reasonable. Further, there must be a clear and present danger based upon credible material which makes the movements and acts of the person in question alarming or dangerous before terming him to be a „dangerous character‟ fraught with violence. Likewise, there must be sufficient reason to believe that the person proceeded against is so desperate and dangerous that his mere presence in the place or any part thereof is hazardous to its community and its safety….Natural justice must be fairly complied with and vague allegations and secret hearings are gross violations of Arts. 14,19 and 21 of the Constitution. Mere police apprehension is not enough. Some ground or the other is not adequate. Therefore on the above grounds externment or internment can be regarded as a reasonable restriction. It has been stated earlier that the restrictions must fall within the interests of public and in the protection of Scheduled Tribes. Under these conditions a law can restrict the movement of an individual. An instance of a restriction on free movement imposed in the interests of the general public, on the existing laws of the Official Secrets Act, 1923, a person is denied access to “prohibited places”. A person who approaches, inspects, passes over or is the vicinity of, enters any prohibited place commits an offence under the Act. These restrictions are necessary to preserve the security of the State .The interests of the general public embrace public security, public order and public morality. Similarly, restrictions may be imposed on movement and traveling to prevent or control epidemics, etc. The second ground of restriction is to protect “the interests of scheduled tribes”. It was considered necessary to empower the State to impose restrictions upon the entry of outsiders to the areas inhabited by these tribes. An uncontrolled mixing of the tribes with the people of other sections is likely to produce undesirable effects upon the unsophisticated tribal people.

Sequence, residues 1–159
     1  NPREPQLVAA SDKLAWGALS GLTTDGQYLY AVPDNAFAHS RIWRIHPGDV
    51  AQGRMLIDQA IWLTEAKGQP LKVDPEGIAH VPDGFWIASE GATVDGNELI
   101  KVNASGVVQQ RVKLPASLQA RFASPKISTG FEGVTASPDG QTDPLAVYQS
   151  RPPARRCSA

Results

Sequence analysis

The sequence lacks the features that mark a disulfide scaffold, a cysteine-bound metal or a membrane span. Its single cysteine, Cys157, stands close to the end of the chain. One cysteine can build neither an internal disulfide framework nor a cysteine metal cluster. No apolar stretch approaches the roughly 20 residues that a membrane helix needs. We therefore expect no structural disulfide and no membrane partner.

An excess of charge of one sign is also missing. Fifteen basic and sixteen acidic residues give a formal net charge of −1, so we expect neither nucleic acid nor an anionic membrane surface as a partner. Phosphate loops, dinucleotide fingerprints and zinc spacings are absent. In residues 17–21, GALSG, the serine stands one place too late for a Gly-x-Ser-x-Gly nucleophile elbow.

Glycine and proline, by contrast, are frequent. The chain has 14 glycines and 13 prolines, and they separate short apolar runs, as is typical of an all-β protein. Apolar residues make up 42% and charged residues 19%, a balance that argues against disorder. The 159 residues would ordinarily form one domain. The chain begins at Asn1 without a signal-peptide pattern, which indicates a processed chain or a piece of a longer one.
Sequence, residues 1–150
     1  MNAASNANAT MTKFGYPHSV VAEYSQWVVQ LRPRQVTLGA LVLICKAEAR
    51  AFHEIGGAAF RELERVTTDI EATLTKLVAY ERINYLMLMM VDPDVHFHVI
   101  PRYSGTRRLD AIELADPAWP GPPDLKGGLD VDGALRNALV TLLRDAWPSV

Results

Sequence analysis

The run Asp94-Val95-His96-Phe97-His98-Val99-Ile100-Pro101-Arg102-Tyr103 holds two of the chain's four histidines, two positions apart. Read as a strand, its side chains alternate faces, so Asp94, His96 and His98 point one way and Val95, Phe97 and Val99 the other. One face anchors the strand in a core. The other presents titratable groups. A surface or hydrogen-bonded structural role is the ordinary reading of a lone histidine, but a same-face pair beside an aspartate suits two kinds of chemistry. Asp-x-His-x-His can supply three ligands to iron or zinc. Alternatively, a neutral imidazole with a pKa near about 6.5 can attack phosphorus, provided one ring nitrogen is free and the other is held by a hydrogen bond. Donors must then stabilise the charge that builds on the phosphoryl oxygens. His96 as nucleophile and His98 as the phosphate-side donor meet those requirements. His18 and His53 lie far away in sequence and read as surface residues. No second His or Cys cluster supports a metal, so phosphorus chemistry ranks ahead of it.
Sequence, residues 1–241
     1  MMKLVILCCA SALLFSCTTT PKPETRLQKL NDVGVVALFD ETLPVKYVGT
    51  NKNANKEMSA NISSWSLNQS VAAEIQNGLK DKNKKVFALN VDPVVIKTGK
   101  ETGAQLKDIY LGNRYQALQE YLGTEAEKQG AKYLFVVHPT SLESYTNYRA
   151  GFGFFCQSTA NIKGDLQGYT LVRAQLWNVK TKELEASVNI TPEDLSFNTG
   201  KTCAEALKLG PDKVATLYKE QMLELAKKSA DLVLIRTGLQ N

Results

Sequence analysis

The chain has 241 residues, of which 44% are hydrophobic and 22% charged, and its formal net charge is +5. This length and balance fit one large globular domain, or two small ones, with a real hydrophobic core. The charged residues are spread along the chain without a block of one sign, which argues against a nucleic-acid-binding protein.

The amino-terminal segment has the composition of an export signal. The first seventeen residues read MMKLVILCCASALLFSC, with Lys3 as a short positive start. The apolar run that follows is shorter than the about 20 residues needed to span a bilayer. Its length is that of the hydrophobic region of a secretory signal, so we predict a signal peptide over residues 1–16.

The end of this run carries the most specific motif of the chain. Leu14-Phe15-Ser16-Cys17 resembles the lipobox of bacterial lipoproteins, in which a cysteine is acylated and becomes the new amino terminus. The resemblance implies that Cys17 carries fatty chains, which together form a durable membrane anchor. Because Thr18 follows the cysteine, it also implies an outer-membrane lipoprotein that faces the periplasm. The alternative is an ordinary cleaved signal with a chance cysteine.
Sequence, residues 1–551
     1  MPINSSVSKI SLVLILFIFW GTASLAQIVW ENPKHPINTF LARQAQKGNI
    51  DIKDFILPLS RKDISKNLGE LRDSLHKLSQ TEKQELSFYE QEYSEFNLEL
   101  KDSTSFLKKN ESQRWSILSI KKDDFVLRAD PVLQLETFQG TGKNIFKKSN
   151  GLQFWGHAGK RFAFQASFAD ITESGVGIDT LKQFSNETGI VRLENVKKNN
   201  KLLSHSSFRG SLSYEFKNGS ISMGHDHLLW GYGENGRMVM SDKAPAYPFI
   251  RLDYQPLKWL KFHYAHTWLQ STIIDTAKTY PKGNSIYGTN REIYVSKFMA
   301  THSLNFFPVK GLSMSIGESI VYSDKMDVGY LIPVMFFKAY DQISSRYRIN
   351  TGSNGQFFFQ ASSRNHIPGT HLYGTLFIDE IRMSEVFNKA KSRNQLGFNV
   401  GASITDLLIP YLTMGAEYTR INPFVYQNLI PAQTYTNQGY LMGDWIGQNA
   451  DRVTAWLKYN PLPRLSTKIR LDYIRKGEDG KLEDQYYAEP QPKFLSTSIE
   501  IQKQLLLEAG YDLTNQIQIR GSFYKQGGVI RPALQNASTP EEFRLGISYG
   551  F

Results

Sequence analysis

Freedom of Residence
The purpose of this clause is also to remove internal barriers within the territory of India so as to enable every citizen to travel freely and settle down in any part of a State or Union Territory. This freedom is too, subject to restrictions in the interests of public or for the protection of the interests of Scheduled Tribes. Therefore the test for this freedom is if a restriction is in securing the above interests, it is reasonable. Thus, prostitutes may be restricted to carry on their trade within a specified area and accordingly may be required to reside in or remove from particular area. Similarly restrictions on habitual offenders is also a reasonable restriction. The scope of this freedom was considered by the Supreme Court in Ebrahim Vazir v State of Bombay.17 S.7 of the said Act was intended to control admission into and regulate movements in India of people from Pakistan. An Indian citizen returning to India from Pakistan is requested to produce a permit or a passport, as the case may be, before being allowed to enter the country. If he enters the country without a permit, or a passport, action may be taken under S.7 for his expulsion. An order passed under S.7 was challenged on the ground that the Fundamental Right of the citizen under Art. 19(1), clause (e) “to reside and settle in any part of the territory of India” is hereby infringed. This contention was upheld and S.7 was pronounced to be void. The Supreme Court observed in the above mentioned case: “the Act purports to control admission into and regulate the movement in India of persons
1954 SC 229. Influx from Pakistan (Control) Act XXIII of 1949:
entering from Pakistan, but S.7 oversteps the limits of control and regulation when it provides for removal of a citizen from his own country.
Freedom of Property
Article 19(1)(f) of the Constitution guarantees the fundamental right of the citizens to acquire, hold and dispose of property. However, this sub-clause (f) of the clause (1) of Art.19 has been deleted by the Forty-Fourth Amendment to the Constitution with the effect from June 20, 1979.